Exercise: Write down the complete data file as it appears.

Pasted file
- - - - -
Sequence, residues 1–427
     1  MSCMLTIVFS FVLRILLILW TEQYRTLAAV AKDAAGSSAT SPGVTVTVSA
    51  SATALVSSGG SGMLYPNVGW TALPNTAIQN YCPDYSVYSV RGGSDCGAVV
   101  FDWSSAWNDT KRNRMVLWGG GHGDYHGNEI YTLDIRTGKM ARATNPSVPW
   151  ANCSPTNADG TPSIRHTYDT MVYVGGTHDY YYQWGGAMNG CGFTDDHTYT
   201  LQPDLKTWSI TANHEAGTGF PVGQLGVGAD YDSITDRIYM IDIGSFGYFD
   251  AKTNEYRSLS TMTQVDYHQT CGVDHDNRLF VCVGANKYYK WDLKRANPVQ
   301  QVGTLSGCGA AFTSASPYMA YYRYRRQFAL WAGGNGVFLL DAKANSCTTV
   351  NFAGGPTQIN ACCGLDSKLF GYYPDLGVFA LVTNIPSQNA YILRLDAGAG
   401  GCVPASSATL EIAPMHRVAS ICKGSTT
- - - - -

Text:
Sequence, residues 1–427
     1  MSCMLTIVFS FVLRILLILW TEQYRTLAAV AKDAAGSSAT SPGVTVTVSA
    51  SATALVSSGG SGMLYPNVGW TALPNTAIQN YCPDYSVYSV RGGSDCGAVV
   101  FDWSSAWNDT KRNRMVLWGG GHGDYHGNEI YTLDIRTGKM ARATNPSVPW
   151  ANCSPTNADG TPSIRHTYDT MVYVGGTHDY YYQWGGAMNG CGFTDDHTYT
   201  LQPDLKTWSI TANHEAGTGF PVGQLGVGAD YDSITDRIYM IDIGSFGYFD
   251  AKTNEYRSLS TMTQVDYHQT CGVDHDNRLF VCVGANKYYK WDLKRANPVQ
   301  QVGTLSGCGA AFTSASPYMA YYRYRRQFAL WAGGNGVFLL DAKANSCTTV
   351  NFAGGPTQIN ACCGLDSKLF GYYPDLGVFA LVTNIPSQNA YILRLDAGAG
   401  GCVPASSATL EIAPMHRVAS ICKGSTT